Within four months my trepidation's about leaving became clear when my mother suffered a third stroke. The possible loss of one's mother shifts the order of your priority list. She would be the reason for weaning myself from NYC after 13 years. The magnetic pull of her failing heart brought us to her bedside for six weeks. We stood holding her hands---she was barely able to gaze at us one last time before dying.

She watched September 11th and its effects on her daughter, living long enough to see me come home safely to care for her. Not knowing six months after The World Trade Center tragedy, I'd witness my own tower collapse---my mother. If the survivors of September 11th can go on with the unexpected tragic loss of loved ones in their life---then I can certainly be grateful as I mourn, for the fortunate six weeks I had watching my mother make the transition to death. Breathing her sweet scent, caressing her brow, kissing her motherly hand while gazing at her childlike face and loving eyes one last time---is more than the survivors of September 11th had. I must find the grace in knowing that.

Since then I've observed the loved ones talk about those that have senselessly and suddenly died in The World Trade Center. They spoke of similar characteristics and qualities the deceased possessed: a good person, happy, humorous, a heart of gold willing to do anything for anybody, kind, considerate and loving. It sounded as if God was calling his favorite children, back home..... Maybe, just maybe---they can find peace knowing that.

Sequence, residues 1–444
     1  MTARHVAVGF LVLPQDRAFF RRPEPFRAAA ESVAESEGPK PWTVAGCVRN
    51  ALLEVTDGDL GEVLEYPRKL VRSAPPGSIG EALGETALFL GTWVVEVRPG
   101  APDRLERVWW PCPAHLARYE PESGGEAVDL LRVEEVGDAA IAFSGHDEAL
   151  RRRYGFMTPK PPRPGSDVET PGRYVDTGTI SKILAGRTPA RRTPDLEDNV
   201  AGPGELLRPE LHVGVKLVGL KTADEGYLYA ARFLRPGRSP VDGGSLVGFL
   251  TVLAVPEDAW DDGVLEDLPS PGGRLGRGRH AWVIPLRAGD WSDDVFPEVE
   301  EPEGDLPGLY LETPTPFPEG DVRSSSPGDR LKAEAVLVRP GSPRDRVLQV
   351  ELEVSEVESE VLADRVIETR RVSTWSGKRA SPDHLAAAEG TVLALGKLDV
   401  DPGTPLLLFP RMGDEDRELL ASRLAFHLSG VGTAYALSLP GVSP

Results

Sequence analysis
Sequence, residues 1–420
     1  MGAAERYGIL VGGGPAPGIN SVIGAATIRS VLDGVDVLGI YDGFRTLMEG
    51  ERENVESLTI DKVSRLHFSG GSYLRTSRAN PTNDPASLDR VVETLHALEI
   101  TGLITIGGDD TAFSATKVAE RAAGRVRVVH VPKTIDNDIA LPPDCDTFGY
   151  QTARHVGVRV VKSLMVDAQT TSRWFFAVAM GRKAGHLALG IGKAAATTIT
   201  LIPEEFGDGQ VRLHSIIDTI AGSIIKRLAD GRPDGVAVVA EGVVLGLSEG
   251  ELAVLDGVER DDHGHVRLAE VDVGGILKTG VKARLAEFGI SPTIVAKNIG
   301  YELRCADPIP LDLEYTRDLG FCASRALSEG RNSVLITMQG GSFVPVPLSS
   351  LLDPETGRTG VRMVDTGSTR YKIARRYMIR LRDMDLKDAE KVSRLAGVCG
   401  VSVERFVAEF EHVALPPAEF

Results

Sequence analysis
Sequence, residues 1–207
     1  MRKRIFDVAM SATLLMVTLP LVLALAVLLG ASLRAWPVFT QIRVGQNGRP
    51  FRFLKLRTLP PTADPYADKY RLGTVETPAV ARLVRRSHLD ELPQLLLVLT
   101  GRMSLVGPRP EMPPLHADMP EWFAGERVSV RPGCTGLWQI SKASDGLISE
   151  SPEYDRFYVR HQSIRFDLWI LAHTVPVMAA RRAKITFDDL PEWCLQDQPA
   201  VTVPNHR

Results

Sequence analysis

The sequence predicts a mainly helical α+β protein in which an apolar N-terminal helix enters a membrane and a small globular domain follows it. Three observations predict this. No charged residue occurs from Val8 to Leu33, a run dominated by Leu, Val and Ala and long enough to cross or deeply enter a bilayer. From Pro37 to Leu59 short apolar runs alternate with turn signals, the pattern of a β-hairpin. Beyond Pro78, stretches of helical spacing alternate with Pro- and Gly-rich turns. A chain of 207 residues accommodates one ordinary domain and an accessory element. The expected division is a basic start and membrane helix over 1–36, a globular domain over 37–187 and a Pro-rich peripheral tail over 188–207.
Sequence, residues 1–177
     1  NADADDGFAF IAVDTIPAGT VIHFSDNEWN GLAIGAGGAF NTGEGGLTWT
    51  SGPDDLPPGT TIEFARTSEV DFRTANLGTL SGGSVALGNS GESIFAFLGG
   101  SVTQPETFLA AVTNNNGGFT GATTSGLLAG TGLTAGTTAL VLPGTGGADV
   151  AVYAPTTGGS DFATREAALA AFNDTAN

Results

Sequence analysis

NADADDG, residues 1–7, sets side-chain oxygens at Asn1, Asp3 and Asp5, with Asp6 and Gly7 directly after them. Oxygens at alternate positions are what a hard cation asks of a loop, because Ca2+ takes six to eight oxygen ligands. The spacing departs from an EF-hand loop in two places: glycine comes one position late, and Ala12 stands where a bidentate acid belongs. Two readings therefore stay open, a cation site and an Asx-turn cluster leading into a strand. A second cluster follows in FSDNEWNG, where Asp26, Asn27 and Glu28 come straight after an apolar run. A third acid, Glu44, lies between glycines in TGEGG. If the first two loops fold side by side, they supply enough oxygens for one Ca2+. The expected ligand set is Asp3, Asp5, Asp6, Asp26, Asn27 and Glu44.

Copyright September 2001, R. B. STUART. All Rights reserved. No reproduction of this blog in any form. Above photo of rock in the sand taken at the beach 2005, "An Angel in The Sand."

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15 August 2007


A Daughters Journey Through Self-Discovery and Loss
Part Five

Several years ago when my mother suffered her second stroke I began bartering with God, "Please let her stay alive for another ten years so she can see her daughters finally marry and maybe have children."

To atleast have one of her remaining four daughters marry and give her grandchildren was a long held wish. If we could give her that by the time she turns 80, her life would have been complete. Seeing her beautiful daughters have what she had: a wonderful loving husband and adorable children. Her mission in life would have been satisfied.

But as one knows what we pray for sometimes does not come into fruition. God has his own reasons why he takes those that we love at specific times. Whether we are ready to face that loss or not isn't his concern. No matter how many people love you---when he decides it's time to withdraw his last breath and stop your heart, as you were born into this life, you are born into another.

So in January of 2002 when my 73 year-old mother had a third relapse. I pondered my 13 years in New York City, my childhood, and the possible loss of my mother. I reached an under- standing; that in order for me to have a quality and healthy existence---I'd have to rescue my mother, my own life and leave New York. I thought I'd move in with her in New Hampshire where she spent the last thirty years.